State Your Case: 9mm vs. 300 Blackout

300 BLK vs 9mm

Are you comparing 300 AAC Blackout to 5.56 NATO? If so, you’re doing it wrong. Sort of. You see, 300 BLK wasn’t intended to replace or compete with 5.56/.223 so much as with good ol’ 9x19mm Parabellum . . .

Apples and oranges? An absurd comparison? TTAG’s Instagram and Facebook audiences sure had some strong opinions (some knew what was up). Handgun round vs. rifle round and all. Right? Not always.

It’s all about the SMG — the submachine gun. That’s a little carbine type job that fires a pistol round instead of a rifle round. They’re used for CQB — close quarters battle — and as PDWs — personal defense weapons. Close-in, quiet, low recoil, low blast, compact size.

Where 300 Blackout was meant to fill a niche was as a replacement for the pistol caliber SMG. Not, as many tend to think, as competition for the M4 (5.56 NATO AR-15 carbine).

Special Operations has loved them some MP5SDs since before Millennials were born. They’re great for use inside of buildings and other small spaces — clearing rooms, ships, what-have-you. But exit that building out onto the streets of some urban combat zone, and suddenly you’re horribly out-gunned.

Getting engaged by a few guys with AKs on a rooftop or behind a vehicle 300 meters away? Forget it. Subsonic 9mm ain’t your jam. In fact, you’re the one in a jam.

Cue the original LVC, or Low Visibility Carbine. Also known as the AAC Honey Badger. This PDW was designed to be as quiet as the MP5SD but with three times the effective range, all in a lighter weight, slightly more compact form. With much better accuracy.

For those stealthy CQB or home defense scenarios, run subsonic rounds — typically 185 to 220 grain projectiles at around 1,000 feet per second. While this doesn’t provide a whole heck of a lot of muzzle energy — about 465 ft-lbs, which is equivalent to .45 ACP or about 42% more than that subsonic 9mm — it does have other advantages over 9mm. Namely, higher sectional density for improved penetration and sleeker ballistics, plus massive expansion capability.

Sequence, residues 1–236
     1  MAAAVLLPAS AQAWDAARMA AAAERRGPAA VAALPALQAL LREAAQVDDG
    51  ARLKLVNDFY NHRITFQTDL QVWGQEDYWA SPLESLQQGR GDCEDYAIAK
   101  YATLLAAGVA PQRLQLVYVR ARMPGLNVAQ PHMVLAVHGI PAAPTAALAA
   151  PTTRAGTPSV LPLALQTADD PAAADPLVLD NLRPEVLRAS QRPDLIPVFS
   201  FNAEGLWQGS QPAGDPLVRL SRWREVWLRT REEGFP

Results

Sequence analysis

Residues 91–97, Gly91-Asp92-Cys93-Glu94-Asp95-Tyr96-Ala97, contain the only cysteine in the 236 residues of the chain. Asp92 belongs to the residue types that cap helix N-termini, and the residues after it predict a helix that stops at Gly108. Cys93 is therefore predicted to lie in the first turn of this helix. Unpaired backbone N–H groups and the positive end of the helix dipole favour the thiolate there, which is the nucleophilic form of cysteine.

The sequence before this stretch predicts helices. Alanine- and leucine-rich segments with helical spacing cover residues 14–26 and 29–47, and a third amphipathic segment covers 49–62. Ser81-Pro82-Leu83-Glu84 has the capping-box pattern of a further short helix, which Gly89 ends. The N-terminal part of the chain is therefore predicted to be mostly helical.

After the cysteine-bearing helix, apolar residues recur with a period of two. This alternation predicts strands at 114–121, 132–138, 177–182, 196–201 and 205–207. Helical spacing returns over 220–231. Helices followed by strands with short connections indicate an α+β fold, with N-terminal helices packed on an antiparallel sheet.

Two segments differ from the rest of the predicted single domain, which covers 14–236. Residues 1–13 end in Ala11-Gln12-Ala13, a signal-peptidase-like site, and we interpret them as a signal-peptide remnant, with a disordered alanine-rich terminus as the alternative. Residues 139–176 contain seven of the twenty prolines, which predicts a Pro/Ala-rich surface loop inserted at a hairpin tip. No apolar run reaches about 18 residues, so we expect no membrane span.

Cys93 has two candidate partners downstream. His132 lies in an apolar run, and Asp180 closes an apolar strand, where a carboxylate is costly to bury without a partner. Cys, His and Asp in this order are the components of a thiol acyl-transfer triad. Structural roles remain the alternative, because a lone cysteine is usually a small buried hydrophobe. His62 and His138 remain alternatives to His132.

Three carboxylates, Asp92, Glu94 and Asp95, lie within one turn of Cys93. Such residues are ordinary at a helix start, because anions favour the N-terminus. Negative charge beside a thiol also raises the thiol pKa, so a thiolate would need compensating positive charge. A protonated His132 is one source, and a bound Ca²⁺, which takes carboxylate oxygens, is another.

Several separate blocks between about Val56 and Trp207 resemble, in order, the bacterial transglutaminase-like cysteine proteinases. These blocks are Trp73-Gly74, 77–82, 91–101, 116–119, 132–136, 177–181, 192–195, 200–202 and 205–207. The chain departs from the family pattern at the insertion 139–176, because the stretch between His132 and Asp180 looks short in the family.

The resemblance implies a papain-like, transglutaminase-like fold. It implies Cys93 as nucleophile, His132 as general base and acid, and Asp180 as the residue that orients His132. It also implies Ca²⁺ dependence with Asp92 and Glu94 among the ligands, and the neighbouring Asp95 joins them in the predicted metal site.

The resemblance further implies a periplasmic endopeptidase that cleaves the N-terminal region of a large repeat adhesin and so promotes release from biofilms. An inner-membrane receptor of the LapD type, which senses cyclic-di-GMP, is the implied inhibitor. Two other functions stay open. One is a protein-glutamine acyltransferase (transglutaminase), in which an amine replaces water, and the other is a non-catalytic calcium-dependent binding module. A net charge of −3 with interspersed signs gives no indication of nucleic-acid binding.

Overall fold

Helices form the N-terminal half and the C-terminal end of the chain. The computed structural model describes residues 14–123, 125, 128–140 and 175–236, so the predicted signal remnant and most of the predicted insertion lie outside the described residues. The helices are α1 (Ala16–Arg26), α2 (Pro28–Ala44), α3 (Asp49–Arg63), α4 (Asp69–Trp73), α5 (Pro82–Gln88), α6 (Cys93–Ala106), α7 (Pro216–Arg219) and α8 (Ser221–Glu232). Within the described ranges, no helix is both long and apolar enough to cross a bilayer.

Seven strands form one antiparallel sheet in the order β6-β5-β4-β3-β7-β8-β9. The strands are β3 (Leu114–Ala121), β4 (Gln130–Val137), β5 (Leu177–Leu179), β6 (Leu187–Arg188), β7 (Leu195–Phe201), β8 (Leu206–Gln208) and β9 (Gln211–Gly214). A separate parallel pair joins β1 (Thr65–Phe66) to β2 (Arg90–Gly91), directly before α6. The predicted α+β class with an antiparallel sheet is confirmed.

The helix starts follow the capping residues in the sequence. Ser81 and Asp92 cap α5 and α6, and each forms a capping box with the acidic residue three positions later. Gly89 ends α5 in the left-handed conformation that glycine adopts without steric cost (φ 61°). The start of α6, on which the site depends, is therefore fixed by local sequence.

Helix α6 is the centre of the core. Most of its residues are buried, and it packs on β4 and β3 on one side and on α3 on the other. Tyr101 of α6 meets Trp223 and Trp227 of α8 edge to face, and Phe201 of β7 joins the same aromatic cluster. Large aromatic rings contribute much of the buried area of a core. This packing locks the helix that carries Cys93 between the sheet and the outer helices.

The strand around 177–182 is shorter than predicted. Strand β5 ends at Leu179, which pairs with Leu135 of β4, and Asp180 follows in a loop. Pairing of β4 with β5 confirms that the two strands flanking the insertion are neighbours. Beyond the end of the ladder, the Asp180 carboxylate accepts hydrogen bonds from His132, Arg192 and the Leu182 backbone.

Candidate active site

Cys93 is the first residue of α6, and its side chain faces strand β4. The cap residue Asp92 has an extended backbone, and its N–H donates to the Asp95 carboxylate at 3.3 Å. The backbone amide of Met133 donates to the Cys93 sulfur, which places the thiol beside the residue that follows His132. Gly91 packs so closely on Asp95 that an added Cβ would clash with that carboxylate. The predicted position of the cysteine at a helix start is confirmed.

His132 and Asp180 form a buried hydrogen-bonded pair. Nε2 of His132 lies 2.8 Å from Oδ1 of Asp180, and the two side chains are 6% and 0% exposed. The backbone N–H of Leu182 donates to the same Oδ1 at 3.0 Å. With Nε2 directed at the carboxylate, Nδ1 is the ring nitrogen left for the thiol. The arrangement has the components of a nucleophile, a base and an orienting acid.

From big names like Hornady to more boutique manufactures like Black Butterfly, Discreet BallisticsUnderwood, Gorilla, and more, there is no shortage of subsonic 300 Blackout rounds designed to expand reliably and dramatically. These loads have proven themselves highly effective on hogs and deer that nobody in their right mind would attempt to take with any 9mm.

For longer engagements, run supersonic rounds — typically 110 to 147 grain projectiles at up to 2,400 fps. This expands effective range to about 440 meters thanks to significantly more aerodynamic bullets leaving the barrel at 240% the velocity of those 9mms. All with vastly superior accuracy than the MP5SD’s 6 to 9 MOA “accuracy” at 100 meters.

Plus, the 300 BLK arrives at 300 meters with around 625 ft-lbs of energy. That 9mm? Like 145 ft-lbs.